چای‌خانه

از ویکی‌پدیا، دانشنامهٔ آزاد
(تغییرمسیر از چایخانه)
پرش به: ناوبری، جستجو
فارسیEnglish
چای‌خانهٔ سنتی به سبک آذری ایرانی.
یک چایخانه قدیمی در یزد

چای‌خانه (انگلیسی: Tea house) یک مکان عمومی است که امروزه در سرتاسر جهان در اشکال گوناگون وجود دارد. چای‌خانه‌ها ریشه در تاریخ و سنت یک کشور دارند. برقراری چای‌خانه‌ها در درجه اول در خدمت چای و صرف دیگر خوراکی هاست. گاهی اوقات وعده غذایی نیز «چای» نامیده می‌شود. اگر چه عملکرد آن متفاوت و به طور گسترده‌ای بسته به فرهنگ ملل دارد، چای‌خانه‌ها اغلب به عنوان مراکز تعامل اجتماعی، مانند قهوه‌خانه ها و دیگر مراکز صرف غذا و نوشیدنی هستند. چای در کشورهای مختلف با مراسم گوناگون کشت و برداشت می‌شود که به عنوان فرهنگ چای نامیده می‌شود و صرف آن نیز آداب و رسوم خاص خود را دارد. مثلاً چایخانه‌های انگلیسی یا آمریکایی چای بعد از ظهر را با انواع کیک کوچک سرو می‌کنند.

آسیا[ویرایش]

در ایران[ویرایش]

یک استکان چای در چای‌خانه‌ای ایرانی.

چایخانه در ایران حدود ۴۰۰ سال قدمت دارد. پیشینهٔ مصرف چای در ایران به سده هفدهم میلادی می‌رسد. جهانگردان از چایخانه‌هایی گفته‌اند که بزرگان و توانگران در آن جا جمع شده و چای می‌نوشیدند.

ورود چای به ایران[ویرایش]

بوتهٔ چای برای نخستین بار در چین و در حدود پنج هزار سال پیش شناخته شد که به تدریج خواص درمانی آن کشف شد. علاوه بر آن از چای برای مصارف رنگ‌آمیزی نیز استفاده می‌شده‌است.

محمدعلی، معروف به کاشف السلطنه چایکار، متولد ۱۲۴۴ خورشیدی در تربت حیدریه، که از دارالفنون و سپس از سوربن فرانسه فارغ‌التحصیل شده بود، با عنوان ژنرال کنسول ایران در سال ۱۲۷۶ خ. مأمور خدمت در هند شد. وی به عنوان سفیر ایران در هندوستان در روزگار مظفرالدین شاه قاجار اولین فرد ایرانی است که با همت والای خود و در نقش یک بازرگان فرانسوی به فراگیری شیوهٔ کاشت و مصرف در ایران و جهان پرداخت. در سال ۱۳۱۹ چای کاری به کمک و همتِ حاج محمد میرزا کاشف السطلنه برای نخستین بار در ایران آغاز شد. حاج محمدمیرزا قبل از بازگشت به ایران، مقداری تخم چای را به همراه چهار هزار گلدان چای، قهوه، تخم کنف، دارچین، فلفل، میخک، هل، انبه، گنه گنه، کافور، ریشه زردچوبه، زنجبیل و غیره تهیه کرد و در سال ۱۲۸۵ شمسی با مشکلات بسیار آنها را به ایران آورد.[۱] گفته شده که او دانه‌های چای را درون عصای خود چید و آن‌ها را وارد ایران کرد. همچنین او شهر لاهیجان را به دلیل وجود هوای مناسب برای کشت چای انتخاب کرد.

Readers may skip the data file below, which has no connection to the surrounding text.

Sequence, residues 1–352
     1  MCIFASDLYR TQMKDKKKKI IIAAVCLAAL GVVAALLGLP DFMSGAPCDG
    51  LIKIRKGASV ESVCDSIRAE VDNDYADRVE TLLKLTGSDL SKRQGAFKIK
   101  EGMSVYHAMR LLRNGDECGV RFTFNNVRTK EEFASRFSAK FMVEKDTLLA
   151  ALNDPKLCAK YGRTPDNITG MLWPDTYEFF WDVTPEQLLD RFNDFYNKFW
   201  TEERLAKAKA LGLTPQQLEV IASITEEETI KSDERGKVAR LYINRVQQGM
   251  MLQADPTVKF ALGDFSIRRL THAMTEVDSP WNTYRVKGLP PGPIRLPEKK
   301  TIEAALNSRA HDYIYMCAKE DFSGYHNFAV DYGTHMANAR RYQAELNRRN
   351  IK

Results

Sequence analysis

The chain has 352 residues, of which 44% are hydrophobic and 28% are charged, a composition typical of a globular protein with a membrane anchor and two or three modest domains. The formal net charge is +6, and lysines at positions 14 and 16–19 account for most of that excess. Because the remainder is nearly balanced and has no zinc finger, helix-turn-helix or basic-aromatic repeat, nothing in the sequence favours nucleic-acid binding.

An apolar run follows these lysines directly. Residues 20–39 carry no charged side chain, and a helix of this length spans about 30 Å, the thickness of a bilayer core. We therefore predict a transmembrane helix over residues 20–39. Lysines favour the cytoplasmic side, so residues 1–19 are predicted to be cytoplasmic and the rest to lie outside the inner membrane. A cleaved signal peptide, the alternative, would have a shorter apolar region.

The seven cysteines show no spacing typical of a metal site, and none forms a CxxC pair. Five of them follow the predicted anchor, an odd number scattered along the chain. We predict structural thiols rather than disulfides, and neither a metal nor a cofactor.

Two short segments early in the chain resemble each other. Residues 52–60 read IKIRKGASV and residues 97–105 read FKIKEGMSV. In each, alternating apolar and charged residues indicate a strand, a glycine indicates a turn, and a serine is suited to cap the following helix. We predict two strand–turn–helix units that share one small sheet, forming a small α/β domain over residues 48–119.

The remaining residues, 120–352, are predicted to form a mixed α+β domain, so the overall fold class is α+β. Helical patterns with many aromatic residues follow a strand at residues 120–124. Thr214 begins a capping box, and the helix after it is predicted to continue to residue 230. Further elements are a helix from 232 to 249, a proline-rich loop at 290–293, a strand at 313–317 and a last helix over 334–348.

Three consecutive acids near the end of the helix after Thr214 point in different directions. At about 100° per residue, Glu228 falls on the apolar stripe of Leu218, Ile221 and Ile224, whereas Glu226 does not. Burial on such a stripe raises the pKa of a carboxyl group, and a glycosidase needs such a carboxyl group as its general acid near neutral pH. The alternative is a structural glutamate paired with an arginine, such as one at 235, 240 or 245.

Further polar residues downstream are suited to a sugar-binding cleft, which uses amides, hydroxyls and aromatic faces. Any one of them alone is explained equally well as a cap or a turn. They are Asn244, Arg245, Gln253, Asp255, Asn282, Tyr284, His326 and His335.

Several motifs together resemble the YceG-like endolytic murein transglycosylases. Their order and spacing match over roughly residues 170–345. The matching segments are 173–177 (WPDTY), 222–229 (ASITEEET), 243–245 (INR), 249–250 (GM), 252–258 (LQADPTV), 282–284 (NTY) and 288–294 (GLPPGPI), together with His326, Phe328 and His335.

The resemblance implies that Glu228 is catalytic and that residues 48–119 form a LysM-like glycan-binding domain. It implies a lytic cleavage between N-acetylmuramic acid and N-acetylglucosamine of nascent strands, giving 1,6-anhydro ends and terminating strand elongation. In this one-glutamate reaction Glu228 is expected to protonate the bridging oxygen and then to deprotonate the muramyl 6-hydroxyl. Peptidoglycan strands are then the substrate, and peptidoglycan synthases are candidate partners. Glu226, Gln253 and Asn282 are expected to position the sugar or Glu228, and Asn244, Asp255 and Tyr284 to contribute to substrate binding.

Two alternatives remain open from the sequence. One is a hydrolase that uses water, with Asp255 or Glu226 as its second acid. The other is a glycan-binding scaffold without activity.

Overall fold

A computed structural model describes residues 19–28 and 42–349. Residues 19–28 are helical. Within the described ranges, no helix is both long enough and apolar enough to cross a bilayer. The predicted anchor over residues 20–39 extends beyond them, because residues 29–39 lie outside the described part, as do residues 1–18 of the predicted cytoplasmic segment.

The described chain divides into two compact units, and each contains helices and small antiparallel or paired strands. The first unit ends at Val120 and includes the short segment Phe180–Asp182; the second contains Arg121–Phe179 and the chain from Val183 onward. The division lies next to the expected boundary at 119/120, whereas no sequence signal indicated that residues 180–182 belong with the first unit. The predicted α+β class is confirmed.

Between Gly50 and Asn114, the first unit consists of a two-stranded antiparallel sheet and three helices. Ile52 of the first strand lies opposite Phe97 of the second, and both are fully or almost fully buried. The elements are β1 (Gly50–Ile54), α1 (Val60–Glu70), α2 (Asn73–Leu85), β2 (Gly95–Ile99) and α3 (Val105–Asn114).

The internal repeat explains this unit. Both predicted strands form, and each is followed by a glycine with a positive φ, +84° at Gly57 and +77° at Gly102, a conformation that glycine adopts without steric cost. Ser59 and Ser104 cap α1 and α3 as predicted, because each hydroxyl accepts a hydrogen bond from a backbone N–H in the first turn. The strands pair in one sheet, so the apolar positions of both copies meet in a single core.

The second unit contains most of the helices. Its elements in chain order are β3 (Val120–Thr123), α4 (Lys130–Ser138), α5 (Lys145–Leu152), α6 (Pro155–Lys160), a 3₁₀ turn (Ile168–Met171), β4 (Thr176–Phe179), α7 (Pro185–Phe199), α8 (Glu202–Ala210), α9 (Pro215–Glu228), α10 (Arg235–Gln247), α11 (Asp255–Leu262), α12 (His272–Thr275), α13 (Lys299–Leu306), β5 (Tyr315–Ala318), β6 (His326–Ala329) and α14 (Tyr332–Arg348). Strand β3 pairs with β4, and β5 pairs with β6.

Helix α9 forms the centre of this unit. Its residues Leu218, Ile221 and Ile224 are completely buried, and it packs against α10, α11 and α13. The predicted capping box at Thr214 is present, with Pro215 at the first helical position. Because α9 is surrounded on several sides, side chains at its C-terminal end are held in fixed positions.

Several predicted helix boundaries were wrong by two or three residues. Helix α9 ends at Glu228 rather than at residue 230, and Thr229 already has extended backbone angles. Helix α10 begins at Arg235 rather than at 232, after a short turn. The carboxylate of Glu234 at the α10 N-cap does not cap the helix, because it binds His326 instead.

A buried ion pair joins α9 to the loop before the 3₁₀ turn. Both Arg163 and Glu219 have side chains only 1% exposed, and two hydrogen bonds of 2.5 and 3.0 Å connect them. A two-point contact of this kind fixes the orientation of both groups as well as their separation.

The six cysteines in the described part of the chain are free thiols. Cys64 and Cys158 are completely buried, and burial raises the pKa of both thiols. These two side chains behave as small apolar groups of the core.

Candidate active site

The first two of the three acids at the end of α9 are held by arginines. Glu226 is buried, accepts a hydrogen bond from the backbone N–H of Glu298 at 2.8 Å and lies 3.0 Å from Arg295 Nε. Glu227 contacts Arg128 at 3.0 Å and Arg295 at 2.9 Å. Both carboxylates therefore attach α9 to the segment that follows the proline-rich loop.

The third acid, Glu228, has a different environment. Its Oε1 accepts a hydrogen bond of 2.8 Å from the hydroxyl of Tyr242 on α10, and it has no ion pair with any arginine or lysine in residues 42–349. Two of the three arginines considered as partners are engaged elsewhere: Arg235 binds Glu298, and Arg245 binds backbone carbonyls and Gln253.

تحول و نزول در جایگاه چای‌خانه[ویرایش]

همان‌طور که گفته‌شد علاوه برنوشیدن چای، قهوه و غذا خوردن اموری نظیر اطلاع‌رسانی، نشر افکار و اخبار اجتماعی، اقتصادی و حتی سیاسی و نیز سرگرمی‌هایی چون مدیحه‌سرایی، نقالی، شاهنامه‌خوانی، غزل‌خوانی، سخنوری و مشاعره هم در چای‌خانه‌ها رواج پیدا کردند و این مکان به عنوان نهاد با اهمیتی از جهت فرهنگی معرفی شد.

با تغییرات فرهنگی، اجتماعی و اقتصادی جامعه به خصوص ورود رادیو و تلویزیون کم‌کم چای‌خانه‌ها را خلوت، منزوی و متروک کرد تا حدی که به سالن‌هایی کثیف و کهنه با وسایل فرسوده و مستعمل تبدیل شد و در برگیرنده روابط اجتماعی ناهنجار، برخوردهای رکیک، تجمع معتادان و بزهکاران و از آن دست شد.

بازسازی چای‌خانه‌های تهران[ویرایش]

برای احیاء و بازسازی این کانون‌های اجتماعی و فرهنگی، از بین ۳۷۰ چای‌خانهٔ تهران، تعدادی مناسب و آماده بازسازی تشخیص داده شد که در حال حاضر برخی از آنها با عنوان چای‌خانهٔ سنتی خدمات ارائه می‌دهند. تعدادی از چای‌خانه‌های سنتی فعال فعلی فضاهای مناسبی برای پر کردن اوقات فراغت، به ویژه در ساعات پایانی شب می‌باشند و در آنها معماری ملی و اسلامی، هنرهای ویژهٔ چای‌خانه‌ و قهوه‌خانه نظیر شاهنامه خوانی و نقالی معرفی می‌شوند و همچنین طبخ غذاهای سنتی و بومی به شکل مناسبی انجام می‌گیرد.

جستارهای وابسته[ویرایش]


منابع[ویرایش]

  1. معلمی، محمود: رنگ صنعت چای پریده است بازبینی در فوریه ۲۰۱۴.
  1. کاشف‌السلطنه، حاجی محمد میرزا، رساله دستورالعمل زراعت چاپ، چاپ دوم، رشت، مطبعه عروه الوثقی، ۱۳۲۶ ش
  2. حاجی میرزا کاشف السلطنه، ثریا کاظمی (نوه کاشف السطنه)، نشریه سایه ۱۳۷۲ش
  3. کتاب گیلان، اصلاح عربانی، جلد دوم، چاپ ۱۳۶۱

پیوند به بیرون[ویرایش]

Old Twinings Shop on The Strand, London

A tea house is an establishment which primarily serves tea and other light refreshments. Sometimes the word "tea" is also used to refer to a meal . Although the functions of tea houses vary widely in different countries, tea houses often serve as centers of social interaction, like coffeehouses.